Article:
Ma, Lingling, & Ma, Xin
Estimating Correlates of Growth Between Mathematics and Science Achievement Via a Multivariate Multilevel Design with Latent Variables
University of Kentucky
Examined the relationship between growth in mathematics and science achievement during middle and high school among students and schools, and we demonstrated that such a model was more sensitive to this relationship.
Journal Name or Institutional Affiliation:
Studies in Educational Evaluation
Vol. 31, No. 1, pp. 79-98
- The correlation between the rates of growth in mathematics and science achievement was not zero but not large, and student and school characteristics had little or no influence on the correlation.
- The correlation between the average rates of growth in mathematics and science achievement was rather strong among schools (indicating consistency between the average rates of growth in mathematics and science achievement among schools); conclude that this consistency was influenced by student and school characteristics.
- Perhaps it is school curriculum and instruction rather than school context and climate that promote balanced learning in mathematics and science. Implies that learning difficulties in mathematics and science are indeed likely to occur simultaneously among students.
- Relationship between the rates of growth in mathematics and science achievement was stronger at the school level than at the student level.
Journal Article Empirical Research
Academic Achievement, Composition, Math, SES, SES Composition, Science, Teacher Quality
Secondary Survey Data
Method of Analysis:
Unit of Analysis:
- Longitudinal Study of American Youth (LSAY)
- Six-year panel study of mathematics and science education of public middle and high school students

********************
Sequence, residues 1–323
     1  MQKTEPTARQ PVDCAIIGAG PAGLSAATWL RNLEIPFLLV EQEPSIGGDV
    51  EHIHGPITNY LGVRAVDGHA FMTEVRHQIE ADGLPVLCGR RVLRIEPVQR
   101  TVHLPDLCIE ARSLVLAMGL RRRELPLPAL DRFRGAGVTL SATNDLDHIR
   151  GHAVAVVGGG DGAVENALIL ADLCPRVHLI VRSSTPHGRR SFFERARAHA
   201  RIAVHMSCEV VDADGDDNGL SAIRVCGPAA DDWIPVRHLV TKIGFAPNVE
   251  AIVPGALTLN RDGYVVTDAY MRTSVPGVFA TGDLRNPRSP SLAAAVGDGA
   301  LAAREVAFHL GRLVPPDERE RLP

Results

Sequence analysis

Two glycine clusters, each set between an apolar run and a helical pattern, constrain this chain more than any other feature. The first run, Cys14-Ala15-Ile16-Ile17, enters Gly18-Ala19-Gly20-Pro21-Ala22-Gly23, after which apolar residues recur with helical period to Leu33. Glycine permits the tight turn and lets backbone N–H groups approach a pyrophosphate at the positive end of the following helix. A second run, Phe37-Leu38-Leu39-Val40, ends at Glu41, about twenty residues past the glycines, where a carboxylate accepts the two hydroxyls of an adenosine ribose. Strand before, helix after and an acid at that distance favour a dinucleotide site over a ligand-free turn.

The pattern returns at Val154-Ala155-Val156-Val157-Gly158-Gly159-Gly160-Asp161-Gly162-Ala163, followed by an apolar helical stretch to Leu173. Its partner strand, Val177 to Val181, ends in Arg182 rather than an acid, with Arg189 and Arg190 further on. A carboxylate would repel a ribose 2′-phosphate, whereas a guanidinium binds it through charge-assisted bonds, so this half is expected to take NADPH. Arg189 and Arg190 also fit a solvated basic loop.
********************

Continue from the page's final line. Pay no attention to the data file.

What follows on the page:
- About 60 students in the 7th grade (approximate age of 11 - 12) were randomly selected from each of the 52 sampled schools, and these students were followed for six years from Grade 7 to Grade 12.
- The sample contained 3116 students in the 7th grade, 2798 in the 8th grade, 2748 in the 9th grade, 2583 in the 10th grade, 2409 in the 11th grade, and 2215 in the 12th grade.
- Students wrote mathematics and science achievement tests and completed a student questionnaire annually.
- Parent, teacher, and principal questionnaires were additional instruments in the LSAY that were regularly administered to collect information about student and school characteristics
- DV: Math achievement (measured as scores in basic skills, algebra, geometry, and quantitative literacy); science achievement (measured as scores in biology, physics, and environmental science)
- IV: Student characteristics (i.e., gender, age, and race-ethnicity), family characteristics (i.e., parental socioeconomic status (SES), number of parents, and number of siblings), race, parental SES (measured as mother’s and father’s educational and occupational status, and household possessions), family structure; school-level measures included enrollment, location, percent of minority students, percent eligible for federal lunch assistance, teaching experience, educational level of teachers, teacher to student ratio, computer to student ratio, disciplinary environment, parental involvement, principal leadership, teacher autonomy, teacher commitment, general support for mathematics, extracurricular activity